Managing the new remote recruitment challenges
The scale of the global pandemic has changed so much in an extremely short space of time. Never before has such a huge proportion of the global workforce worked remotely. And while there are certainly many of us eager to see offices reopen again, the flexibility surrounding where and when employees work is here to stay.
In fact, according to the Office for National Statistics last month, around 6.7 million people were exclusively working from home. That’s a significant chunk of the UK workforce being managed remotely. It’s perhaps no surprise, then, that a recent report from The Times revealed that this environment has led to an uptick in businesses not just hiring remotely, but also creating jobs that are solely focused on managing remote workers.
As a case in point, Facebook recently hired a ‘Remote Work Director’ and both Twitter and Quora have advertised similar roles. For those companies that have had experience of operating remotely prior to the pandemic, having a dedicated remote working manager appears to be proving valuable. GitLab – a software company that enabled home working for its staff back in 2011 – has long had a ‘Head of Remote.’
Remote recruitment challenges
For HR teams, this uptick in home working presents two key recruitment challenges. First and foremost, hiring remotely will need continued adjustment. It’s not possible to simply take existing recruitment practices and deliver them through video platforms like Zoom and Microsoft teams. You have to ask how critical elements of the hiring process - such as providing candidates with a chance to experience the workplace setting - can be delivered by just interviewing someone virtually.
And of course, for hiring managers, identifying how well an applicant ‘gels’ with the team and assessing if they’ll fit with the corporate culture is incredibly difficult to do with a screen in the way. As such, how you recruit virtually needs a whole new strategy to in-person hiring processes.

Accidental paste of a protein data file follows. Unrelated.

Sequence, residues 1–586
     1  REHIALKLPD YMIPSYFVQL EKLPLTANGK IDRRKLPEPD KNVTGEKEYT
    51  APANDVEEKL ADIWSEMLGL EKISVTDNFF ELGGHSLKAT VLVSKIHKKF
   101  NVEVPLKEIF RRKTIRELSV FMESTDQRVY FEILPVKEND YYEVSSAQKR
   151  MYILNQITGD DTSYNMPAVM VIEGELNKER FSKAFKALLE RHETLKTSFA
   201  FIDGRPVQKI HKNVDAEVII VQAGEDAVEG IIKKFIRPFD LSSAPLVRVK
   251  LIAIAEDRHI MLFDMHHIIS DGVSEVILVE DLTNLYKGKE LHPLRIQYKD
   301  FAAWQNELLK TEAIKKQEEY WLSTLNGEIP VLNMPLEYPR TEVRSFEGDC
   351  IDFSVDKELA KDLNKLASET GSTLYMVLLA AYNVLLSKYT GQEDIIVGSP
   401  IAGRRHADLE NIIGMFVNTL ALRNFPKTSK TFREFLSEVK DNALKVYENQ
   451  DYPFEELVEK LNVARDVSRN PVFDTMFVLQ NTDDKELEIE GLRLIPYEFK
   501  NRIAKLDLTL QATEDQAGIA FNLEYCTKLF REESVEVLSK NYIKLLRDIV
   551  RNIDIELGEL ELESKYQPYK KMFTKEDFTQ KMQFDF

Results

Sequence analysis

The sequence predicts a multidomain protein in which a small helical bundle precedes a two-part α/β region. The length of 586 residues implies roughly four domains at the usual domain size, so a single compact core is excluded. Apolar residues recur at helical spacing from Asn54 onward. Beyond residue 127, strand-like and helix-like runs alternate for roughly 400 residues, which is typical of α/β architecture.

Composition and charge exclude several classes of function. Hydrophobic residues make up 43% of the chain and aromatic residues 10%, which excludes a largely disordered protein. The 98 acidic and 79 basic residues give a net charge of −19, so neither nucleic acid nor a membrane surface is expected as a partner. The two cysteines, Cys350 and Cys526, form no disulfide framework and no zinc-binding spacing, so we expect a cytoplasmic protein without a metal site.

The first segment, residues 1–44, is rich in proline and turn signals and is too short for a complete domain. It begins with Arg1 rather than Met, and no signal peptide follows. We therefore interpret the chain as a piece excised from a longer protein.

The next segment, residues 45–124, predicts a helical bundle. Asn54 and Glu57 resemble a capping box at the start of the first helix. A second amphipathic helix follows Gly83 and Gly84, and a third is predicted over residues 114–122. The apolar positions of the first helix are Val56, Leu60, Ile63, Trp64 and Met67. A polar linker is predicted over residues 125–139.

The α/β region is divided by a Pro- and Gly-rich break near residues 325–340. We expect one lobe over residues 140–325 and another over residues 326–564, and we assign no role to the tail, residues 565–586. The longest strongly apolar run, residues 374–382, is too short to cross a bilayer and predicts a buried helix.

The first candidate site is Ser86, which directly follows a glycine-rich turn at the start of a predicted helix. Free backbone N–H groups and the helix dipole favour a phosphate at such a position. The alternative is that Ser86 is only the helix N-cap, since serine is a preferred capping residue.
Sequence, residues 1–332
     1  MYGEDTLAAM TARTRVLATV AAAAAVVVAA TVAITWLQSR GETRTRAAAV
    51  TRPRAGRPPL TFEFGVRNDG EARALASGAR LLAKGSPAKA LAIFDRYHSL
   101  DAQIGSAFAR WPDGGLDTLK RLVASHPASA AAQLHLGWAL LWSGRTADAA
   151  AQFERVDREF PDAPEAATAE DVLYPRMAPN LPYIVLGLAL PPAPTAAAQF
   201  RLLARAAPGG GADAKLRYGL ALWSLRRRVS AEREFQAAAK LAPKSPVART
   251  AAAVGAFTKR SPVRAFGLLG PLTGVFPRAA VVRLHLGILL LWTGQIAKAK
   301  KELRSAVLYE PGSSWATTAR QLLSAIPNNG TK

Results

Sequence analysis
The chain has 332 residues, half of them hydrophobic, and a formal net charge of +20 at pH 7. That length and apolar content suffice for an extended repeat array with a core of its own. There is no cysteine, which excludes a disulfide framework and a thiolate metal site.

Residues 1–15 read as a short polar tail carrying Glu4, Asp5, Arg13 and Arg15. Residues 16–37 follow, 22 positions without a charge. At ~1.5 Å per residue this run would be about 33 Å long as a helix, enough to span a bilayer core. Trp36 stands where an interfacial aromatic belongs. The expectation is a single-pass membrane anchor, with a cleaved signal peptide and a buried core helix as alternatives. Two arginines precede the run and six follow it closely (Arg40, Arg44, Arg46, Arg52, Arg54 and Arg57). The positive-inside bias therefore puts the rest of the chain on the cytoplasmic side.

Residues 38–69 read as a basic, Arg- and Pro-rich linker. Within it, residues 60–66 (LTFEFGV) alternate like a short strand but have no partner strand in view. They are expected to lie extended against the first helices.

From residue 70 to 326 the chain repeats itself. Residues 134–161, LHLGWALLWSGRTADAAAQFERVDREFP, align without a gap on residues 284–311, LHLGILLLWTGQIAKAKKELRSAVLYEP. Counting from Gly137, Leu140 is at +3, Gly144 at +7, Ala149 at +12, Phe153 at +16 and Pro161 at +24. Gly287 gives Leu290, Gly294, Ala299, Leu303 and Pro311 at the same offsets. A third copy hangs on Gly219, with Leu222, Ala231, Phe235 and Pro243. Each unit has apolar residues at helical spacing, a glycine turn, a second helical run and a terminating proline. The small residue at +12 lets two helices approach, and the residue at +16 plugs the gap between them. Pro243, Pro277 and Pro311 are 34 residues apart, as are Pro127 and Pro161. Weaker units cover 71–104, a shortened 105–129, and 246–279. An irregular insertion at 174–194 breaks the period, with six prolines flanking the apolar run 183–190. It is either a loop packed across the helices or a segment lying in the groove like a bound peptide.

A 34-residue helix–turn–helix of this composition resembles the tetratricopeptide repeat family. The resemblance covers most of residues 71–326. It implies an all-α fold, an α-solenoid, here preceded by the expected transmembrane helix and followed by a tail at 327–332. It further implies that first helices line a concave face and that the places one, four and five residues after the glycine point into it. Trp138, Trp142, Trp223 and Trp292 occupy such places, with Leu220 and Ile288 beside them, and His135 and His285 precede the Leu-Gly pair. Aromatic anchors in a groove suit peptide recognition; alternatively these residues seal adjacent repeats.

However, the rise in jobs designed specifically for the management of remote working also creates an added level of administrative burden for in-house hiring teams. Specifically, knowing where to source these individuals is going to impact workloads. If, as the Times article suggests, these new remote-focused job titles are an emerging trend that’s come out of the pandemic, there will be a finite number of professionals currently or previously holding a relevant job title. As a result, competition for those with the right experience is going to be rife.
And with a limited number of professionals with relevant prior experience, there will also need to be a wider acceptance that transferrable skills will have to be considered as an alternative to meet the demand. Other leadership attributes – such as the ability to motivate teams, strategic planning capabilities and coaching skills – will be valuable in this position and can certainly be developed beyond Remote Working Director roles.
Seeking expert guidance
There’s certainly no doubt that we will be managing a more agile and flexible workforce for the long-term and facing the resultant workforce management challenges. However, there is one way that employers can best tackle the struggles of managing a remote workforce long term and sourcing talent for newly created remote jobs: utilising external expertise.
In-house hiring teams and HR departments are, on the whole, already overloaded and under resourced, so partnering with an expert external hiring company will be hugely valuable from a time-saving and efficiency stand-point. In particular, where recruitment is being shifted into a virtual world, these experts will have the knowledge of what software will and won’t work, which could significantly reduce time spent on research from in-house teams.
However, perhaps more importantly in light of the new challenges, recruitment businesses have the knowledge and the connections to know where to find the new skills your organisation needs quickly. They are deeply entrenched in skills identification and can provide often invaluable insight into where transferrable attributes can be sourced when specific expertise is in limited supply.
Utilising external expertise will benefit organisations in tough times. Now more than ever, recruitment businesses can provide significant support to over-stretched HR teams and help employers recover and restart as we begin to see a light at the end of the tunnel for the pandemic.